• The Chief Executive is responsible for the day-to-day management of the body [and is, ex-officio, a member of its board].  The Chief Executive and other staff are available to advise, inform and assist you with your duties as a board member.  As such, you will need to liaise closely with the Chief Executive and other senior staff in order that you might exercise your responsibilities effectively.
  • To the extent permitted by the [state Act/Charter/Warrant or other provision under which the body in question was established], responsibility for day-to-day management matters should be delegated to staff so far as is practicable. There should be a clearly defined framework of strategic control which also outlines those matters which are to remain reserved exclusively for decision by the board (issues of corporate strategy; key strategic objectives and targets; major decisions involving the use of financial and other resources; and personnel issues including key appointments and standards of conduct, for example).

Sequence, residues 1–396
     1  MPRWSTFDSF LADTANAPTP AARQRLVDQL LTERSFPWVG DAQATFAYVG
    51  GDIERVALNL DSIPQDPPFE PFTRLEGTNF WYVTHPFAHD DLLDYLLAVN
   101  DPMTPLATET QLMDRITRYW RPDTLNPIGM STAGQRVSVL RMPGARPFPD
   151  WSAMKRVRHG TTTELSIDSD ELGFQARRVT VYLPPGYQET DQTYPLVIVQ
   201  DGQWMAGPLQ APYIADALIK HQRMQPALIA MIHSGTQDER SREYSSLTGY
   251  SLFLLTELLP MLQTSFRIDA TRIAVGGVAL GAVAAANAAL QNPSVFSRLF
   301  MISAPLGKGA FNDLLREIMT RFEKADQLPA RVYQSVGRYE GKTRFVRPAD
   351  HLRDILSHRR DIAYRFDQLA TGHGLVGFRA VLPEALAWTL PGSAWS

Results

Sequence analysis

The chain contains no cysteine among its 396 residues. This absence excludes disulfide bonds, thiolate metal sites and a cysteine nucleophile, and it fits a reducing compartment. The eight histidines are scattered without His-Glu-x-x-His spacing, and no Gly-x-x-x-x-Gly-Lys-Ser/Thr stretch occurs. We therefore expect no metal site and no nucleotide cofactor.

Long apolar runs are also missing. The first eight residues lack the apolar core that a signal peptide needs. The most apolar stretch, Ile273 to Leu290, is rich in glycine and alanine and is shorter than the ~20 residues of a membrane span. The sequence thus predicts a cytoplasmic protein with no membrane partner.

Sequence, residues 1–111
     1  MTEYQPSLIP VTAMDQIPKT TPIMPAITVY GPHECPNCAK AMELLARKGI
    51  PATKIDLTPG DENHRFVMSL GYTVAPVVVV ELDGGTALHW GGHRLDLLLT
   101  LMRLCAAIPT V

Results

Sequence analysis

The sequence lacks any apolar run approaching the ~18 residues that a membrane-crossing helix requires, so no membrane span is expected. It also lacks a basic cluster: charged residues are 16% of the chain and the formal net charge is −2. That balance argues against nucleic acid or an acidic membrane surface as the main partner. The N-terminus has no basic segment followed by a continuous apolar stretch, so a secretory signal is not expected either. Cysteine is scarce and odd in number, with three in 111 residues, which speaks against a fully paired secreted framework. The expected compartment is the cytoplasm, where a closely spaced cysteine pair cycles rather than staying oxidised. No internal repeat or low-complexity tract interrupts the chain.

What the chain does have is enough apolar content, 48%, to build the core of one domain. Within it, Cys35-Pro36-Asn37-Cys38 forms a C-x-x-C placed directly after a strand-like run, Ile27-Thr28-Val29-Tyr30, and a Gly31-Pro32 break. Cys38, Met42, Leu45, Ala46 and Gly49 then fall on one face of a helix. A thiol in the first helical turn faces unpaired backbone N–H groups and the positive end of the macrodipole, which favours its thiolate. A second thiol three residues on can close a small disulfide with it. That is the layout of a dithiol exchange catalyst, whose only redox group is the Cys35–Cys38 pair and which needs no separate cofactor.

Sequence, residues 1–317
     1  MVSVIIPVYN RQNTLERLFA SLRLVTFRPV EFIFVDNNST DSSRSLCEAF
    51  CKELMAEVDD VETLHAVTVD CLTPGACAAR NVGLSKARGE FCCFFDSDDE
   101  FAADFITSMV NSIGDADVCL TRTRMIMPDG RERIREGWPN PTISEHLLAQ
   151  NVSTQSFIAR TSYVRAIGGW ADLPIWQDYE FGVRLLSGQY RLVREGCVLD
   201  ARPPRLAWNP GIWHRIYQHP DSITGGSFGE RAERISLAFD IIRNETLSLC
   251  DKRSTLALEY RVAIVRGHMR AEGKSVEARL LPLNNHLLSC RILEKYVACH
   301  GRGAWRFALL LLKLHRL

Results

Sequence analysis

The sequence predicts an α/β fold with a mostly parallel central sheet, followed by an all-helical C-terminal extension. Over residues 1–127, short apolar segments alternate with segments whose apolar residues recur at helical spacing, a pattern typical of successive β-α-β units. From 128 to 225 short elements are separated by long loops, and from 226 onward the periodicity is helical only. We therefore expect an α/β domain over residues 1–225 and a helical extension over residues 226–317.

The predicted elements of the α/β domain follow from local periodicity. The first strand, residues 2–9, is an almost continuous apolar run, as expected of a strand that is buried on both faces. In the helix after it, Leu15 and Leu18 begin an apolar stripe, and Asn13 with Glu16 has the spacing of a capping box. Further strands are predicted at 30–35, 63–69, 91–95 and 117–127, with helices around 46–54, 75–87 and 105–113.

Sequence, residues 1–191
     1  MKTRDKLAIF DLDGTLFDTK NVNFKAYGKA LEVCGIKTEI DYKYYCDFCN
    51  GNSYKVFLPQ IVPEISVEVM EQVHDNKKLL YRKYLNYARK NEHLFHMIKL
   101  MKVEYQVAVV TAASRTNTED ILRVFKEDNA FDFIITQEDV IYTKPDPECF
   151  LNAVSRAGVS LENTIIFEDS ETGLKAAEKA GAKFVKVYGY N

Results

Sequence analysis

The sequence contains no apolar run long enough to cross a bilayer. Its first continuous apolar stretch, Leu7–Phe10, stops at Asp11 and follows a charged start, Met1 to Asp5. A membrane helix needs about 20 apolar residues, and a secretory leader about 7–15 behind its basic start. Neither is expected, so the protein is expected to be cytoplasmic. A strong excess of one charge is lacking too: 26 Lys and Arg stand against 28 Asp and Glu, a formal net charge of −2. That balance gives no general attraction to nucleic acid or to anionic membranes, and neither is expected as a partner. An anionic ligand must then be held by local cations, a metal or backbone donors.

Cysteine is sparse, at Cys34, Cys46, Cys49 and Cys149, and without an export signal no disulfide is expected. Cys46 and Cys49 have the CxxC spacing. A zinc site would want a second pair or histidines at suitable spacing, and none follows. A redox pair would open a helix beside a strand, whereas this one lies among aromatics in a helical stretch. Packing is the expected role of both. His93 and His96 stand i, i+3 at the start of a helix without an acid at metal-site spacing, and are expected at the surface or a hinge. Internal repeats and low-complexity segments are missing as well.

• You must not ask or encourage employees to act in any way which would conflict with their Code of Conduct.

6. Personal liabilities of Board members

  • Although any legal proceedings initiated by a third party are likely to be brought against the board or the body as a whole, in exceptional cases civil or criminal proceedings may be brought against the chairperson or other individual board members (for example, a board member may be personally liable if they make a fraudulent or negligent statement which results in loss to a third party).  Board members who misuse information gained by virtue of their position may be liable for breach of confidence under common law or may commit a criminal offence under insider dealing legislation.